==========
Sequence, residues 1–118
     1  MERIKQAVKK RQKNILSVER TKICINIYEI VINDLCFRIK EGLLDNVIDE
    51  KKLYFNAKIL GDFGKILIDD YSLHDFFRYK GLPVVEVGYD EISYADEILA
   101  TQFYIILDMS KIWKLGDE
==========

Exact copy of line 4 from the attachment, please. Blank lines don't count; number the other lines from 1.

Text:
   101  TQFYIILDMS KIWKLGDE